Florida Man charged with identity theft at Huntsville Wal-Mart

A Florida man was arrested last week and charged with identity theft after being spotted acting suspiciously at the Huntsville Wal-Mart.

Fernando Martinez, 32, a Cuban national with a current address in Florida, caught the eye of Wal-Mart loss prevention officers on April 16 at approximately 4:15 p.m. while he attempted to use several credit cards at a self-checkout station in the store.

According to Sgt. Jim Barnes of the Huntsville Police Department, Martinez was attempted to load a cash value onto several Wal-Mart gift cards using the credit cards, a common practice among identity thieves.

Barnes and Detective Ken Foulch were in Wal-Mart for an unrelated matter when loss prevention officers alerted them to Martinez’s activity.

After observing Martinez for several minutes, Barnes and Foulch confronted Martinez with the assistance of loss prevention staff.

“Everything we’ve learned about identity theft, this guy was doing,” Barnes said. “He had a stack of credit cards and he was trying to use them, and they weren’t working, which is usually a sign that something is up.”

Martinez was detained and questioned by detectives, and later transported to the HPD for further questioning.

“He was very uncooperative with us, and claimed that he didn’t speak English,” Barnes said. “We were able to identify him from his Florida driver’s license.”

While a Spanish-speaking officer interviewed Martinez, detectives investigated the seven credit cards in Martinez’s possession. According to Barnes, several were in Martinez’s name, but others were not. Seeking further detail, detectives enlisted the helped of the Sam Houston State University Police Department, who supplied a card reader machine to determine ownership of the cards.

“We’ve been coordinating with UPD quite a bit in identity theft investigations due to the fact that a lot of students are victims,” Barnes said.

After scanning the cards, it was determined that the account number listed on the card itself was false, and that the card was actually encoded to draw funds from another, pirated account.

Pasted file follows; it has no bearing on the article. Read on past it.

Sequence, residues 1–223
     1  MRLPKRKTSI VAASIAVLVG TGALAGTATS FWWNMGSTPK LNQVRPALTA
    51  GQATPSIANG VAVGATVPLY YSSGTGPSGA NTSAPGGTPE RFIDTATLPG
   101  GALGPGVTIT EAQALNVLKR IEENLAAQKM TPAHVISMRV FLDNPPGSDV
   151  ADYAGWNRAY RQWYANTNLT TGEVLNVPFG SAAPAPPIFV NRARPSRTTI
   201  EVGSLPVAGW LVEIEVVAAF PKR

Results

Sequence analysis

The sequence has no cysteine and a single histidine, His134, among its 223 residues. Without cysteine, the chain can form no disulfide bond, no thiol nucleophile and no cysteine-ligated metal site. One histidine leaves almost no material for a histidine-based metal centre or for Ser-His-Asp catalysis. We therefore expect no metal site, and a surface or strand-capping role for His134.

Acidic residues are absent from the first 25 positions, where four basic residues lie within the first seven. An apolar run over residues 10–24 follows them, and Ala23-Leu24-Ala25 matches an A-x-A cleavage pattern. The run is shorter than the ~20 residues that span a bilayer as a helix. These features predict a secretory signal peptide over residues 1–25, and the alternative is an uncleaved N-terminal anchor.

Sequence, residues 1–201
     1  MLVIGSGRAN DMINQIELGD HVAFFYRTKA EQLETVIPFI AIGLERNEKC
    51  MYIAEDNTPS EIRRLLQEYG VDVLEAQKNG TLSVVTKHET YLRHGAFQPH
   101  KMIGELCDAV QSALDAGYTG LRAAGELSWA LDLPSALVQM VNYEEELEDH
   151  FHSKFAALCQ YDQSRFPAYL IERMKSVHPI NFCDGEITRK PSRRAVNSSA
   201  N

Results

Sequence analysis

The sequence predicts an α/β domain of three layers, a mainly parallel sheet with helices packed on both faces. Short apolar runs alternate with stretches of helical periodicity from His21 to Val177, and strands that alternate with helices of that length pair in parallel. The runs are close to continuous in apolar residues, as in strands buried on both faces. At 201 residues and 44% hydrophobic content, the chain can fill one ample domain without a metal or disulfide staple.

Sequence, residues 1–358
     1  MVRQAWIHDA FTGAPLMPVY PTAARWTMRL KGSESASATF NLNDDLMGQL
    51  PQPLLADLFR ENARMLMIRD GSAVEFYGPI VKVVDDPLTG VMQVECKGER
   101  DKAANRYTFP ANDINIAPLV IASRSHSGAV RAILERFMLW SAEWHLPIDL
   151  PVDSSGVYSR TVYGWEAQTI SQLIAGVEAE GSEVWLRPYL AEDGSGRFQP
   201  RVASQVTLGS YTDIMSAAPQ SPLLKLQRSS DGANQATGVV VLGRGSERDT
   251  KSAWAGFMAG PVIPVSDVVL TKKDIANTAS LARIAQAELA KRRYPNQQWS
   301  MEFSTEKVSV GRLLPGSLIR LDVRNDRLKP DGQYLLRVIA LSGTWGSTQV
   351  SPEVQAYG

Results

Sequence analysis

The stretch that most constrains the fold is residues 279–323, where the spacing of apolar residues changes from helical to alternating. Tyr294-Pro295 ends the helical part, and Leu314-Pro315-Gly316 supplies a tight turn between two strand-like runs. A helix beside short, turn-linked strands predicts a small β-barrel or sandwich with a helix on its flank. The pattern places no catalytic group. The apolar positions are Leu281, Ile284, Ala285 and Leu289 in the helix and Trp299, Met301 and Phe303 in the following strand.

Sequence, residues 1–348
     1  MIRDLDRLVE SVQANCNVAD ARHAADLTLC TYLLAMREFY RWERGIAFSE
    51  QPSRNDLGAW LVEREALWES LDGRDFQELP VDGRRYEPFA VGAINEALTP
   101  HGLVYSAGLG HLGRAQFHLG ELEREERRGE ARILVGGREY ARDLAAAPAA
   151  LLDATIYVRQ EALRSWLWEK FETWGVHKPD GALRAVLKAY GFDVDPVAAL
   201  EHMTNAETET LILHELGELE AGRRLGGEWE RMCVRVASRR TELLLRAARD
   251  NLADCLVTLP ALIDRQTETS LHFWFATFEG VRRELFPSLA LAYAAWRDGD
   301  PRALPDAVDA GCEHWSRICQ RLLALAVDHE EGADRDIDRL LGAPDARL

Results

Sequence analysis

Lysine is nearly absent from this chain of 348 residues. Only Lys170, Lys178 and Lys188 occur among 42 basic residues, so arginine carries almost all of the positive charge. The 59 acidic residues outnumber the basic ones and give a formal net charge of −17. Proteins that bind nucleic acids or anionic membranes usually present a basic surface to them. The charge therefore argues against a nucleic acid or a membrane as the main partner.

According to Barnes, it is very common for identity theft rings to send individuals into stores, particularly Wal-Mart stores, with “cloned” credit cards. The cards are marked with the name of the individual, but the account the funds are drawn from is that of an identity theft victim.

To avoid suspicion, the individual with the cards will load the funds from the stolen accounts on gift cards rather than make purchases with the cards themselves. The gift cards will then be distributed back through the organization, and will be either sold or used to buy merchandise, which will then in turn be sold.

“It’s basically a laundering scheme,” Barnes said. “It’s putting free money in their pocket.”

Martinez claimed to have bought the cards from an individual in Miami, but denied being aware of any identity theft and was on the whole uncooperative with investigators. He did not provide a reason why he was in the Huntsville area.

“He may be a low level person in this operation and his job may just be going to Wal-Marts all over the south with these cards,” Barnes said. “It’s an organized crime event.”

Martinez was transported to the Walker County Jail and charged with fraudulent use of identifying information.

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